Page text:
“The beauty of the Internet is that, even from the most remote locations, you can still be connected to the whole world.”Ryan McFarland
Founder & CEO
As a motorcycle enthusiast, Ryan McFarland couldn’t wait to share his passion for biking with his son. By the time his toddler was two years old, the eager father had already prepared a fleet of little vehicles—everything from four-wheeled scooters to an electric dirt bike with training wheels. “I was super excited to see where all of this was going to go, and had dreams of big adventures with him,” Ryan recalls. “But then I realized that all of this stuff was too tall, heavy, and complex.” Undeterred, he spent a Saturday afternoon modifying a bike in his garage. The result was what is now the Strider, a simpler and smaller bike that “truly fit my son exactly where he was in size and developmental ability,” Ryan describes. “His confidence shot way up, and he wasn’t afraid of biking anymore!” As strangers constantly stopped Ryan to ask about his son’s bike, the business opportunity became clear. A year later, in 2007, he launched Strider Sports International, building simple bikes for children of all ages.
Strider Sports International is a Rapid City-based company with a worldwide presence. Using a digital-first marketing strategy, they have sold nearly 1.9 million bikes across 75 countries. AdWords, Google’s advertising program, helps fuel their growth and drives nearly 30 percent of their online traffic. The team also reviews their Google Analytics daily to optimize ad performance, observe traffic trends, and discover new ways to improve their website. All the while, their YouTube channel taps into the excitement of parents seeing their children ride a bike for the first time. “We have a highly engaged customer base out there. They’re so thrilled about what their kids are doing on the Strider that they’re making marketing videos for us,” Ryan says. “The Internet really is the prime location to run a business in today’s world,” he adds.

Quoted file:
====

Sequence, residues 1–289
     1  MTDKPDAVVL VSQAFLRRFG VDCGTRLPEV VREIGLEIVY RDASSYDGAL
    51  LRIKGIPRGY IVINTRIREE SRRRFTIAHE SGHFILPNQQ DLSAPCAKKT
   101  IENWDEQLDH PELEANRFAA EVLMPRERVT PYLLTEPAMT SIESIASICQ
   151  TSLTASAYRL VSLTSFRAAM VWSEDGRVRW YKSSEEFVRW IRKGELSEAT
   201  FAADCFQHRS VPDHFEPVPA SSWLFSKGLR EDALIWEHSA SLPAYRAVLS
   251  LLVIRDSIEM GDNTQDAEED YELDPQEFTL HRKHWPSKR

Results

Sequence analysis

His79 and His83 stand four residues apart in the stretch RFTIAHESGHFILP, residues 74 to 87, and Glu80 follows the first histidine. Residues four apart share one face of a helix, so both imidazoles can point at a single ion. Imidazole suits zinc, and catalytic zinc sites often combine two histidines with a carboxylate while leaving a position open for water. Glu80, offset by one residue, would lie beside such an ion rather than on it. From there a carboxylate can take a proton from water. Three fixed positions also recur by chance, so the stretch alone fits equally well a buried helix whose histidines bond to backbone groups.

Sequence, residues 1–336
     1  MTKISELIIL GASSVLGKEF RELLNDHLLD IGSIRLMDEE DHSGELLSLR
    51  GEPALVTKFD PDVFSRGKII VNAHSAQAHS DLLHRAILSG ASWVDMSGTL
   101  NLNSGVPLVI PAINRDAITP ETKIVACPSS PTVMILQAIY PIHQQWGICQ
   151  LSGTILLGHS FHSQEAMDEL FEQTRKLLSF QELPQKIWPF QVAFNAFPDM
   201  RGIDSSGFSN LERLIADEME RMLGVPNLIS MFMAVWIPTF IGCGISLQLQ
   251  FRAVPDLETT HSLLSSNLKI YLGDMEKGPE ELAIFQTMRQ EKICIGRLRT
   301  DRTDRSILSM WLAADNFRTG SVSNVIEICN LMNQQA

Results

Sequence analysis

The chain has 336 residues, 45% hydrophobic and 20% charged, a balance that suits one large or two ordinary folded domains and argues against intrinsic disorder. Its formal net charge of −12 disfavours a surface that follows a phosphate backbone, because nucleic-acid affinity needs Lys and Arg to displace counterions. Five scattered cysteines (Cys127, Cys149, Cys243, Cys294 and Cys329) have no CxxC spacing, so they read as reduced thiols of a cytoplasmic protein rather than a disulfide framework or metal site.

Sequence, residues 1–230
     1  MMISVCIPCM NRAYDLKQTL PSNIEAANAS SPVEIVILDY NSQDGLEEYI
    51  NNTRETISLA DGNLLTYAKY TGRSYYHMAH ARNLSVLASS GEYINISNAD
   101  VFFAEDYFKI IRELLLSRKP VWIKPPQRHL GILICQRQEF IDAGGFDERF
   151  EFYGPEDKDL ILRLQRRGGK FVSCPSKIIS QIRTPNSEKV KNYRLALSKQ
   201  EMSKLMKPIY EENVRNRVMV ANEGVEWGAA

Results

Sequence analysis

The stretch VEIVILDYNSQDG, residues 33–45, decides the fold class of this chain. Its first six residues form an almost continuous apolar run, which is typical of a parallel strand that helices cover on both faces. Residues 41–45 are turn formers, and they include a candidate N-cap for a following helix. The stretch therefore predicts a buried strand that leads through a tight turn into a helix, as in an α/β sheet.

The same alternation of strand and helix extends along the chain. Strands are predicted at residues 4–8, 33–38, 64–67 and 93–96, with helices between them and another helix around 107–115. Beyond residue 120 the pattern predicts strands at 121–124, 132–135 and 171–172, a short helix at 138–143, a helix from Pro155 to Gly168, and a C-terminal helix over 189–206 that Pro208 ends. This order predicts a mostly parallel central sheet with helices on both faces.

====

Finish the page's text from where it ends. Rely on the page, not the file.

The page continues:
With over 4,000 U.S. retailers, 43 international distributors, and an annual growth of 20 percent, Strider Sports International has come a long way since that Saturday afternoon in the garage. They have also started a nonprofit, the Strider Education Foundation, dedicated to helping kindergarteners across the U.S. learn how to ride a pedal bike. “This really has taken on a life of its own, beyond the product,” Ryan muses. “We can’t imagine a childhood that doesn’t include biking, and that’s why we do what we do.”